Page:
Parents and Teachers Use MI to Promote Achievement

head_dreaming_gearsDavid Coleman (and other authors of the Common Core) advocate that schools avoid teaching to the tests and narrowing the curriculum to achieve success on the Common Core tests. But, will they listen to this sage advice? Coleman voices support for the arts in a comprehensive education where students will achieve Core standards naturally. In the Core literacy standards it is written “While the Standards delineate specific expectations in reading, writing, speaking, listening, and language, each standard need not be a separate focus for instruction and assessment. Often, several standards can be addressed by a single rich task.”

This is good advice for both parents and teachers. Both can work to arrange rich learning experiences for children to participate in in the form of interesting projects. Around the home, this can include lawn work, furniture arranging, interior room design, writing thank you notes, making holiday presents, cooking, crafts, board games, party planning, and household repairs. Remember that a child’s first classrooms are, in fact, the kitchen, the living-room and the backyard. Many learning opportunities await the child with a imaginative parent!

The trick to promote school success is for the parent to make connections for the child between these activities and specific academic skills. This is not always easy to do, but it includes things like taking time to carefully read the written instructions. Good thinking includes detailed planning and explicit logical problem-solving steps. Checking the quality of one’s completed work is also a good thinking habit that all parents can train the child to do. There are also many opportunities in the kitchen for doing math and carefully following recipes/instructions. These are all useful skills that will promote school success.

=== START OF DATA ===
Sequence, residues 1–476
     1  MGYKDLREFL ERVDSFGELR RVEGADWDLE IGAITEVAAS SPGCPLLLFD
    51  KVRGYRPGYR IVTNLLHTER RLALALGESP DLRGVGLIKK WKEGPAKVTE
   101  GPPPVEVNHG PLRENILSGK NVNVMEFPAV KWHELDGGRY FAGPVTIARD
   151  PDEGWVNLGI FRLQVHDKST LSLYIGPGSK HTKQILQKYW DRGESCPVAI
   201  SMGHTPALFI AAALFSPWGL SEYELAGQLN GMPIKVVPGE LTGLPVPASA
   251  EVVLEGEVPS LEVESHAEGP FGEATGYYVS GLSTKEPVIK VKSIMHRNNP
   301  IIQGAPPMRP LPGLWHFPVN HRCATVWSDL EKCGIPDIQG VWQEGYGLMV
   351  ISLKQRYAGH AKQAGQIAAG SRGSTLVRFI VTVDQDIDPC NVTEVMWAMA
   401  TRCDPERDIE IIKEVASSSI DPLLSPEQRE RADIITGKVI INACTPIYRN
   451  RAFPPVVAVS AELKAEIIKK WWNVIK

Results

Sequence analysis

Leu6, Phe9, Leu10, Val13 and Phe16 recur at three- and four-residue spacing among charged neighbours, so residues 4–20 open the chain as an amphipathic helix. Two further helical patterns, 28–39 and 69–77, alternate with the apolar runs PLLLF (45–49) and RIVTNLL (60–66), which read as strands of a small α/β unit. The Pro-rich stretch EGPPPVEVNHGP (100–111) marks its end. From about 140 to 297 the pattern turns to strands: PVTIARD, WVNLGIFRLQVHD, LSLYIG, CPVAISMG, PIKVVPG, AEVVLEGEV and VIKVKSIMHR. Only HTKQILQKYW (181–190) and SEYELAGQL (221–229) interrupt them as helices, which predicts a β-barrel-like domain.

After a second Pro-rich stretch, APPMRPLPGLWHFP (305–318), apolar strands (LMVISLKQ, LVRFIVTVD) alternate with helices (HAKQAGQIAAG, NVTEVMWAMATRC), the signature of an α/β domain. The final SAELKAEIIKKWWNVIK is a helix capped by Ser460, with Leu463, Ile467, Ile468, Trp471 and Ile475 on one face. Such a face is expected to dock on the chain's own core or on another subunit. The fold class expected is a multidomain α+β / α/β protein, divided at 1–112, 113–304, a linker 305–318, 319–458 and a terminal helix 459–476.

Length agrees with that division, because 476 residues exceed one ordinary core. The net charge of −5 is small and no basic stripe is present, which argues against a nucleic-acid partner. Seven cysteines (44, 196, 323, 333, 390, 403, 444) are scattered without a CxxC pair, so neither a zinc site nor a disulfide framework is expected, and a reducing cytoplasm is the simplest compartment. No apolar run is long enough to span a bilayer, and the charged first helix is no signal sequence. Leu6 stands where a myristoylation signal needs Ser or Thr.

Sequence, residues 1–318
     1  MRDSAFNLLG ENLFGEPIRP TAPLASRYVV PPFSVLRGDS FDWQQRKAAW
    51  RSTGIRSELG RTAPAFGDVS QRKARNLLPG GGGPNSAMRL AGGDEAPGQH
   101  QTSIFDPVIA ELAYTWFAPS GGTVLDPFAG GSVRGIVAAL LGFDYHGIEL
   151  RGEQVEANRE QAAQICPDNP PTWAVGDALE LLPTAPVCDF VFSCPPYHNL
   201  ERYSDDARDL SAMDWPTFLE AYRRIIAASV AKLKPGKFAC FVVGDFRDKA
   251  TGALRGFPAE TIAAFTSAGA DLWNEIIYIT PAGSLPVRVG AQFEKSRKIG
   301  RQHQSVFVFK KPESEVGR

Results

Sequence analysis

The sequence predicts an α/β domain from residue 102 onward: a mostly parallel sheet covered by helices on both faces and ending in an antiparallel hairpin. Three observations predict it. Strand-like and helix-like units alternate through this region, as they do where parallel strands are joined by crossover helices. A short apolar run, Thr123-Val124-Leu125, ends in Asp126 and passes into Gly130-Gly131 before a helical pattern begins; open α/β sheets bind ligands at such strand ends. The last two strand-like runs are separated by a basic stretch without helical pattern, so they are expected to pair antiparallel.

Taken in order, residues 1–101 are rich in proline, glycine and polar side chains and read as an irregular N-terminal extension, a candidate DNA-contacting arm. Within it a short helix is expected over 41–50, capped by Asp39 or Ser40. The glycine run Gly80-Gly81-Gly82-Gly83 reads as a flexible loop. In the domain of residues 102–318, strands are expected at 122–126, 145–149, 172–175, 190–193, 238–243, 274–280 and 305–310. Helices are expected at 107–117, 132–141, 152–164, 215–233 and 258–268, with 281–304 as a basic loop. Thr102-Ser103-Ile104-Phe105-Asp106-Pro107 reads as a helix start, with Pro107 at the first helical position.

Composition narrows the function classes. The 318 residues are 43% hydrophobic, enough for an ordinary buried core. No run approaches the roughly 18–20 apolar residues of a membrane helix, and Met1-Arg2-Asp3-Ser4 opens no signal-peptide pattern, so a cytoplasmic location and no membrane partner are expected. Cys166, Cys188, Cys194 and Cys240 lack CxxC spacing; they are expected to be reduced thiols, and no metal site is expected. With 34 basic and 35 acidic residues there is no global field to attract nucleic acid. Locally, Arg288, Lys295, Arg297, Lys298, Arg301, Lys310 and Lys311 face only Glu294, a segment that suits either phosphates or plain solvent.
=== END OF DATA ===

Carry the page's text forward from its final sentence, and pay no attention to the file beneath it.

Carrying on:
Teachers can also use “rich tasks” that involve several different intelligences for successful completion including written or math components. This might be a project that is completed by a small team of students or individually. There are two strategies that a teacher will want to keep in mind as she or he designs a curricular project — Bridging and Scaffolding. The first question is, Are there four or five different intelligences involved in the project? If so, then a wide range of entry points will be provided into the topic so that nearly every student will be able to bring an MI thinking strength to the task. The use of a personal MI strength is that child’s “bridge” into the topic.

Because students are novices at the target learning objective, they will require the teacher to “scaffold” the skill. Scaffolding the students’ thinking can employ a range of activities of decreasing involvement by the teacher. Scaffolding often begins with the teacher modeling the target thinking skill. At the beginning, the teacher does all the “thinking” and then gradually removes her or his assistance (the scaffold) until the students are doing 100% of the skill themselves.

 More on Bridging and Scaffolding in future posts!